Hugh Jackman sings his way through “The Greatest Showman”

Embargoing a film up until the day of release is never a sign of confidence on the part of a studio. Usually, this sort of treatment is reserved for low class genre fare, not would be Oscar contenders. Yet, here we are in the case of The Greatest Showman. It opens today and reviews were embargoed until just after midnight. 20th Century Fox has essentially been hiding it, hoping Hugh Jackman’s star power, the idea of a musical, and the three Golden Globe nominations (more on those in a bit) would drive traffic. They don’t have it on their For Your Consideration page, preferring instead to hitch their wagon to Jackman’s other outing Logan, among other things. A wise move for Fox, as this is one of the worst movies of the year.

The film is a musical biopic, looking at how Phineas Taylor Barnum, or P.T. Barnum (Jackman), essentially started the world of show business. Growing up poor, he won the heart of Charity (Michelle Williams), but always felt the need to show her wealthy parents that he wasn’t trash. Even as an adult, when they have two young girls, he’s always looking to go bigger. Initially, it’s a museum of wax figures, but then, when he decides to feature what are essentially freaks, his star rises. Teaming up with a host of characters, as well as a producer in Phillip Carlyle (Zac Efron), the show becomes a literal circus, as coined by nonplussed theater critic James Gordon Bennett (Paul Sparks). The rest is history. Obviously, through it all, there is singing and dancing, with the lyrics put forward by the La La Land team of Benj Pasek and Justin Paul (their work there was much better). Michael Gracey directs a script by Jenny Bicks and Bill Condon, with supporting players here including Zendaya, Rebecca Ferguson, Damian Young, and many more. John Debney contributes the score, while Seamus McGarvey handles the cinematography.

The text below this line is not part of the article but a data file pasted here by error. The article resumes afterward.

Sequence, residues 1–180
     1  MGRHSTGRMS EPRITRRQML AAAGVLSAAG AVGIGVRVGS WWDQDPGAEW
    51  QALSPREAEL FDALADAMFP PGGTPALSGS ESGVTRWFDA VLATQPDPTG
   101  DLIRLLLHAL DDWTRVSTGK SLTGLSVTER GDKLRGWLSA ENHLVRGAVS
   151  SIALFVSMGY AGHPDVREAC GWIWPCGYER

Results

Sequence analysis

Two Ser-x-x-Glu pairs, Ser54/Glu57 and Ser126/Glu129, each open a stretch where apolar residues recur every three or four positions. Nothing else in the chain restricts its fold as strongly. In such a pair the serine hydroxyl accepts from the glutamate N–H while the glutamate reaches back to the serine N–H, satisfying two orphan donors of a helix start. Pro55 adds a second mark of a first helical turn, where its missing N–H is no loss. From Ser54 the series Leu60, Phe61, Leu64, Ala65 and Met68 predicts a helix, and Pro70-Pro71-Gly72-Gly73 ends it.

Very little here works. The movie is safe and bland, with atrocious direction and horrible choreography. The actors all sing and dance towards the camera in television commercial way, as opposed to us following them as they expand the screen. Williams is wasted, while Jackman does with he can. Every character, from theirs to Efron’s, Ferguson’s, and Zendaya’s, have no dimension to them. Without characterization, how can we care? With ugly CGI and sets that feel cheap, this just never feels one bit cinematic. The songs are decent enough, with This Is Me sufficiently catchy, but that hardly saves the day.

Once upon a time, The Greatest Showman seemed like a surefire Academy Award player. Now, it’s Best Original Song or bust. The Globes did their embarrassing thing and cited it merely for being a musical. The Best Song nomination isn’t worth making a fuss about, but in any logical world, Best Musical/Comedy and Best Actor in a Musical/Comedy for Jackman shouldn’t have happened. They won’t translate to Oscar though, that’s for sure. If the flick has any hopes of not being one and done in Original Song, it’ll be with slipping into Best Sound Editing and/or Best Sound Mixing. More likely though is that singular citation, where in fairness, it has an outside chance of winning.

On a positive note, here is how I would rank Jackman’s ten best performances to date:

10. X-Men
9. Kate & Leopold
8. X-Men: Days of Future Past
7. Butter
6. X2: X-Men United
5. Les Miserables
4. The Prestige
3. Prisoners
2. The Fountain
1. Logan

Starting today, musical fans can give The Greatest Showman a try, though I wouldn’t recommend it. If you’re a diehard Jackman fan, notably for his singing and dancing, he might satisfy you, but this manages to make Les Miserables look good, and that’s saying something. He sings his way through it with gusto, but it’s all for naught. Don’t waste your time with this one, especially as there are tons of better options out there right now. Want to see an ode to show business? Look no further than The Disaster Artist, which actually would have been an apt title for this movie…

The Greatest Showman is in theaters now!

About Joey Magidson

A graduate of Stony Brook University (where he studied Cinema and Cultural Studies), resides in Brooklyn, New York. He contributes to several other film-related websites and is a member of the Broadcast Film Critics Association.

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